The Maid’s Thought
Why listen, even the water is sobbing for something.
The west wind is dead, the waves
Forget to hate the cliff, in the upland canyons
Whole hillsides burst aglow
With golden broom. Dear how it rained last month,
And every pool was rimmed
With sulphury pollen dust of the wakening pines.
Now tall and slender suddenly
The stalks of purple iris blaze by the brooks,
The penciled ones on the hill;
This deerweed shivers with gold, the white globe-tulips
Blow out their silky bubbles,
But in the next glen bronze-bells nod, the does
Scalded by some hot longing
Can hardly set their pointed hoofs to expect
Love but they crush a flower;
Shells pair on the rock, birds mate, the moths fly double.
O it is time for us now
Mouth kindling mouth to entangle our maiden bodies
To make that burning flower.
The Excesses of God
Is it not by his high superfluousness we know
Our God? For to equal a need
Is natural, animal, mineral: but to fling
Rainbows over the rain
And beauty above the moon, and secret rainbows
On the domes of deep sea-shells,
And make the necessary embrace of breeding
Beautiful also as fire,
Not even the weeds to multiply without blossom
Nor the birds without music:
There is the great humaneness at the heart of things,
The extravagant kindness, the fountain
Humanity can understand, and would flow likewise
If power and desire were perch-mates.
The old voice of the ocean, the bird-chatter of little rivers,
(Winter has given them gold for silver
To stain their water and bladed green for brown to line their banks)
From different throats intone one language.
So I believe if we were strong enough to listen without
Divisions of desire and terror
To the storm of the sick nations, the rage of the hunger-smitten cities,
Those voices also would be found
Clean as a child’s; or like some girl’s breathing who dances alone
By the ocean-shore, dreaming of lovers.
Age in Prospect
Praise youth’s hot blood if you will, I think that happiness
Rather consists in having lived clear through
Youth and hot blood, on to the wintrier hemisphere
Where one has time to wait and remember.
Youth and hot blood are beautiful, so is peacefulness.
Youth had some islands in it but age is indeed
An island and a peak; age has infirmities,
Not few, but youth is all one fever.
To look around and to love in his appearances,
Though a little calmly, the universal God’s
Beauty is better I think than to lip eagerly
The mother’s breast or another woman’s.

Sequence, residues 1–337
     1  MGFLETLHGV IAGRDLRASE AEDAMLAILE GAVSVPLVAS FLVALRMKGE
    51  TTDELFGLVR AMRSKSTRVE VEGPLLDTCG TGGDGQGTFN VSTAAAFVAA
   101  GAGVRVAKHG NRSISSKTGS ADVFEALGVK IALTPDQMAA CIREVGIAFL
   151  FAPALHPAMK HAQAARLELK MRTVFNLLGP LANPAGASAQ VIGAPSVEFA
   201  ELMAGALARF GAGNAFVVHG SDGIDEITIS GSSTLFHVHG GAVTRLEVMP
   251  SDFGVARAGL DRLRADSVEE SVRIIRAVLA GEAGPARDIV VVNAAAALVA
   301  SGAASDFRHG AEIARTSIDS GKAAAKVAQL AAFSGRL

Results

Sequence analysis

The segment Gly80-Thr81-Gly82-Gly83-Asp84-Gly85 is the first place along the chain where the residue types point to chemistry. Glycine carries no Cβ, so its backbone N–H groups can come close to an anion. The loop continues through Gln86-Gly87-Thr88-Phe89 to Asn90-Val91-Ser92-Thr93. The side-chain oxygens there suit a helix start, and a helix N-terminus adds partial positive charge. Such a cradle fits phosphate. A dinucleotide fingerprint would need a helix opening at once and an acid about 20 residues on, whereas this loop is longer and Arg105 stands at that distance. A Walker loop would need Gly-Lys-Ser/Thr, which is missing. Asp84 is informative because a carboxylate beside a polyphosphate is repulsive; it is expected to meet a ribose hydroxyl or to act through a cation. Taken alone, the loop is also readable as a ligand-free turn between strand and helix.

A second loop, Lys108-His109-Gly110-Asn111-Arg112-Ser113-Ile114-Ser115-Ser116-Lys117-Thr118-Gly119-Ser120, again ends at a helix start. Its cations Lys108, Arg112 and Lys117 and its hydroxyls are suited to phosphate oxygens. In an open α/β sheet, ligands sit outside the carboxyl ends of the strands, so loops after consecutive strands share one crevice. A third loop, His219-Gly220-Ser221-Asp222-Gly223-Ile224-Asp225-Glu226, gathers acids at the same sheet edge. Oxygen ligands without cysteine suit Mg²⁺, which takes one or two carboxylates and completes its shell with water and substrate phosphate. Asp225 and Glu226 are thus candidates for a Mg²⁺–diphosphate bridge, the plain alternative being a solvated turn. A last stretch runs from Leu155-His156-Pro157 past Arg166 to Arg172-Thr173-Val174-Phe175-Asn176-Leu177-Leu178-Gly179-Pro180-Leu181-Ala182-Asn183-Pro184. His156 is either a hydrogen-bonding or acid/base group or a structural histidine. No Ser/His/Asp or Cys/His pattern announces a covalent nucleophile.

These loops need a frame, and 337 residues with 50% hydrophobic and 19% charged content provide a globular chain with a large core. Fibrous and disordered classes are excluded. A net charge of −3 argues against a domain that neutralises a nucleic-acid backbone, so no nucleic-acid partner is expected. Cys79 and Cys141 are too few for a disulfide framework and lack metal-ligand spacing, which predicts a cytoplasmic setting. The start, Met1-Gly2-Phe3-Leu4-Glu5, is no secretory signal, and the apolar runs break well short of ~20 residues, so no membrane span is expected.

And there is no possession more sure than memory’s;
But if I reach that gray island, that peak,
My hope is still to possess with eyes that homeliness
Of ancient loves, ocean and mountains,
And meditate the sea-mouth of immortality
And the fountain six feet down with a quieter thirst
Than now I feel for old age; a creature progressively
Thirsty for life will be for death too.
To the Rock that Will Be a Cornerstone of the House
Old garden of grayish and ochre lichen,
How long a time since the brown people who have vanished from here
Built fires beside you and nestled by you
Out of the ranging sea-wind? A hundred years, two hundred,
You have been dissevered from humanity
And only known the stubble squirrels and the headland rabbits,
Or the long-fetlocked plowhorses
Breaking the hilltop in December, sea-gulls following,
Screaming in the black furrow; no one
Touched you with love, the gray hawk and the red hawk touched you
Where now my hand lies. So I have brought you
Wine and white milk and honey for the hundred years of famine
And the hundred cold ages of sea-wind.
I did not dream the taste of wine could bind with granite,
Nor honey and milk please you; but sweetly
They mingle down the storm-worn cracks among the mosses,
Interpenetrating the silent
Wing-prints of ancient weathers long at peace, and the older
Scars of primal fire, and the stone
Endurance that is waiting millions of years to carry
A corner of the house, this also destined.
Lend me the stone strength of the past and I will lend you
The wings of the future, for I have them.
How dear you will be to me when I too grow old, old comrade.